Homeless and Living Out of Your Car in Long Beach? The City Can Help

Under the plan, the city will offer 30-day parking passes to park in designated areas around the city.

What to Know

  • The Long Beach safe parking pilot program will begin September.
  • The pilot program will offer 30-day parking passes to eligible families and individuals.
  • Participants are required to engage with outreach workers who will connect them to the Long Beach Multi-Service Center.

If you've struggled with homelessness and live out of your car, the city of Long Beach has a new program that may help.

Beginning in September, those who are chronically homeless or struggle to keep a roof over their heads can enroll in the city's safe parking program.

Under the plan, the city will offer 30-day parking passes to park in designated areas around the city. It not only offers free parking, it will offer information about other services to help get them permanently off the street.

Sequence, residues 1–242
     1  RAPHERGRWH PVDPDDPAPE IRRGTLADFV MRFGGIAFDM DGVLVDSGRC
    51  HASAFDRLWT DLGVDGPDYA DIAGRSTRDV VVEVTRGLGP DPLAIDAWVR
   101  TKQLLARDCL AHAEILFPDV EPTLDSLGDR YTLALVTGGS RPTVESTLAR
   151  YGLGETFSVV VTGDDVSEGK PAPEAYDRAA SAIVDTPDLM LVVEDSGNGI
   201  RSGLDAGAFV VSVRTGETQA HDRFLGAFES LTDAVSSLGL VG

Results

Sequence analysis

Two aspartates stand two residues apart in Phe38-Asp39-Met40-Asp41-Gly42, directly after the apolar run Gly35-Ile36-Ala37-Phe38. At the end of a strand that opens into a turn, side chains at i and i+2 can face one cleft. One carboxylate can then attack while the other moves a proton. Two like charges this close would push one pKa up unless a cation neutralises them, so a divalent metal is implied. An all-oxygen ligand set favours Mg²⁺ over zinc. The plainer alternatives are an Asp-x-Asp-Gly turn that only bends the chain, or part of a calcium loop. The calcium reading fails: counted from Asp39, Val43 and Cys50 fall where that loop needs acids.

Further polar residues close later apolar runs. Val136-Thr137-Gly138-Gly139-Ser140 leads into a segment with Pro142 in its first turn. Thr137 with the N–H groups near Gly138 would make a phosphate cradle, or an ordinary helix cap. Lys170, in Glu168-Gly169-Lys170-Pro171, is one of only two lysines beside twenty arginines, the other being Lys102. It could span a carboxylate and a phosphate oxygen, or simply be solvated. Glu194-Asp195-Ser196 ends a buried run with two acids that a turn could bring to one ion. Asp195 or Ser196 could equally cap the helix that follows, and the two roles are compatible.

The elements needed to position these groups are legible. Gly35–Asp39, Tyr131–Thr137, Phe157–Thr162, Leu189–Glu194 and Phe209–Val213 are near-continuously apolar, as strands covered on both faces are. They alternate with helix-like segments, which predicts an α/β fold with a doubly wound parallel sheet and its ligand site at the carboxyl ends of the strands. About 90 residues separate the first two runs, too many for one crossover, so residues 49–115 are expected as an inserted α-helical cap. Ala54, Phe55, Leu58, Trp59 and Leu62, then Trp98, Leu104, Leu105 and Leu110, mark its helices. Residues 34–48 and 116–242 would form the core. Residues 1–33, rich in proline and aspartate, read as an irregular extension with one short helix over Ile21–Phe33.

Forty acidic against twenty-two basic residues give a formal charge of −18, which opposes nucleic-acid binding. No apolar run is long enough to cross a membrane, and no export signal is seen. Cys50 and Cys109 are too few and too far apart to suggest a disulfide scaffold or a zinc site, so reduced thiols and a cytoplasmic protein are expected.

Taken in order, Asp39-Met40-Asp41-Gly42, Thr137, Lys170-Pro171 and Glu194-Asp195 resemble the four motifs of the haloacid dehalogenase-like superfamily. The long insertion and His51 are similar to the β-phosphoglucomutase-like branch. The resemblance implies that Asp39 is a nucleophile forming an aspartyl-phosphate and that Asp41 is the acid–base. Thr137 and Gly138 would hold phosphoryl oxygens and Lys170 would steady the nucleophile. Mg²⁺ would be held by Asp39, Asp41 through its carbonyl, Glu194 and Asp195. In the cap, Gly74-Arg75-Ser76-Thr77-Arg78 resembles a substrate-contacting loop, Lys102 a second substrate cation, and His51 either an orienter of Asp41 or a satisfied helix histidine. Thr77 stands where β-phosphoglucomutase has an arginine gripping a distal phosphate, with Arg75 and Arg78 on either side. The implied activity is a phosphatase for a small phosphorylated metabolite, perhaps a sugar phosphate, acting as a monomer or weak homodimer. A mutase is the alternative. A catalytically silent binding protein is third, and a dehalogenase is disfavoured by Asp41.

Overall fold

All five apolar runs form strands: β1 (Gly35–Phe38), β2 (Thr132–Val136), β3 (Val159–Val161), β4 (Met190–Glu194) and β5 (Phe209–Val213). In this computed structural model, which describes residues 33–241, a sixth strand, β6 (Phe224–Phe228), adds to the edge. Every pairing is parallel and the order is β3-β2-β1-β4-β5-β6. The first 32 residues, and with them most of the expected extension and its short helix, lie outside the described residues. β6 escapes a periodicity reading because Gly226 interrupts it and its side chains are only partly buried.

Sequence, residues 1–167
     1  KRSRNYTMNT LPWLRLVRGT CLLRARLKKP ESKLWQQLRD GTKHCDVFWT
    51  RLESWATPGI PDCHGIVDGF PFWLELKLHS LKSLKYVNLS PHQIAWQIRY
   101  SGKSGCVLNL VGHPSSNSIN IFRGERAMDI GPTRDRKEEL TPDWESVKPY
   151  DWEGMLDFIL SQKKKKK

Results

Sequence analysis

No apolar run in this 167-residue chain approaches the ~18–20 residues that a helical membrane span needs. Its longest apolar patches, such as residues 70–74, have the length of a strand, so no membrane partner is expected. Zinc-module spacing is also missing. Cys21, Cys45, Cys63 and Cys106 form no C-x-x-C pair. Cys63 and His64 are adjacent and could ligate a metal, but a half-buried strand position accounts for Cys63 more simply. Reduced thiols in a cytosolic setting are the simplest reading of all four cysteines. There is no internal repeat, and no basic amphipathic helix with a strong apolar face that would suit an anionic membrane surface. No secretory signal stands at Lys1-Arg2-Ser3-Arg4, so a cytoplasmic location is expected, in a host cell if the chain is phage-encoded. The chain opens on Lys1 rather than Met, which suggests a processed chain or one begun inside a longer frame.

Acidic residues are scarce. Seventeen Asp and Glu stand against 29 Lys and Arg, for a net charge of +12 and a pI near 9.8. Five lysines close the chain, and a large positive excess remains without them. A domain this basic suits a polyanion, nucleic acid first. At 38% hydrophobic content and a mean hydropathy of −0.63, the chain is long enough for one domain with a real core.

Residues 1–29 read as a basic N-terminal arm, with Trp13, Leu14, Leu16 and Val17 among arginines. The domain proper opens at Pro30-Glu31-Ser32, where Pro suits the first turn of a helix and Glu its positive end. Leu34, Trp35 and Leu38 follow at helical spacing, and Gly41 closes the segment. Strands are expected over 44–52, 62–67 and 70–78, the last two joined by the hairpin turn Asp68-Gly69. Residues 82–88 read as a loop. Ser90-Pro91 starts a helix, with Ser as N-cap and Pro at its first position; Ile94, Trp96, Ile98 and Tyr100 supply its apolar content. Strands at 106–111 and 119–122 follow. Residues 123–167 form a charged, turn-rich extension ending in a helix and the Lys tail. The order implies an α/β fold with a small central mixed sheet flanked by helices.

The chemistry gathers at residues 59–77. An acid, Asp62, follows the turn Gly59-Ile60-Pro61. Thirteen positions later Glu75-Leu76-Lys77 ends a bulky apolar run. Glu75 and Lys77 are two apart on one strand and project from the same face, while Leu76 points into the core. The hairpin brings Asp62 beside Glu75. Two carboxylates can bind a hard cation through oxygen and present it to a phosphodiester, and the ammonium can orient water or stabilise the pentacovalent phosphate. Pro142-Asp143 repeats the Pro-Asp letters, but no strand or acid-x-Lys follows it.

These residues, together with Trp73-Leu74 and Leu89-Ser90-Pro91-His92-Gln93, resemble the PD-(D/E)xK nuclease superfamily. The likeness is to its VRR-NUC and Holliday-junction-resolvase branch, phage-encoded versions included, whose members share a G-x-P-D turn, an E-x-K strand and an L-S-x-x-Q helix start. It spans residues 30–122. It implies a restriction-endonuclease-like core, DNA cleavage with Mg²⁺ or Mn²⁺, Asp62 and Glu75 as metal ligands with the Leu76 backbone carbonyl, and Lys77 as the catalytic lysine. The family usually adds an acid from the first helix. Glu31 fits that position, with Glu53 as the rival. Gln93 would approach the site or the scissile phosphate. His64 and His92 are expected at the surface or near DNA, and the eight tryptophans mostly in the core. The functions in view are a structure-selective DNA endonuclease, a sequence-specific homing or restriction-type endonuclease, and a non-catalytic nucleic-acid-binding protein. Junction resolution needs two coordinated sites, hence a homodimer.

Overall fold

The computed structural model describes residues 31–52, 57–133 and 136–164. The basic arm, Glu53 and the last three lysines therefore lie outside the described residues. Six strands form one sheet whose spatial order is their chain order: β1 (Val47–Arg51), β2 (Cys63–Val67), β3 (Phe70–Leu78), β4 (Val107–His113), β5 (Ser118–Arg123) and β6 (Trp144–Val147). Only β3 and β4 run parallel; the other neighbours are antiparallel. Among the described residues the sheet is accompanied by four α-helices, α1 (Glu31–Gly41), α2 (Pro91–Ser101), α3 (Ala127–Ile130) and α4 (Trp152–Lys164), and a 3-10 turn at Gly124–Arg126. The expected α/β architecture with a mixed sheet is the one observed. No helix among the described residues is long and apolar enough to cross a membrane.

"We want to make sure that people have as limited amount of time on the streets or in their cars as possible until we can get them into housing," said Kelly Colopy, the director of the city's Health and Human Services. "This is one space where people feel safe with a roof over their heads as we continue working to support folks."

The program was created amid an increasing housing crisis in Southern California. The plan will be for a dedicated safe spot to be determined by August, officials said. Of the 1,863 considered homeless in Long Beach, 85 of them have resorted to living out of their vehicles, according to a 2017 city homeless count. 

"Many residents have been forced to use their vehicles as shelter," Long Beach Mayor Robert Garcia said. "This pilot program in Long Beach will allow us to see if we can help transition people out of their cars and back into homes."

Shannon Parker, the city's homeless services officer, said the idea is about helping people.

"People are people first, and whatever is happening to them is second," Parker said. "First, we ask if they are safe. Then, we ask, 'What's happening? What do you need today?'"

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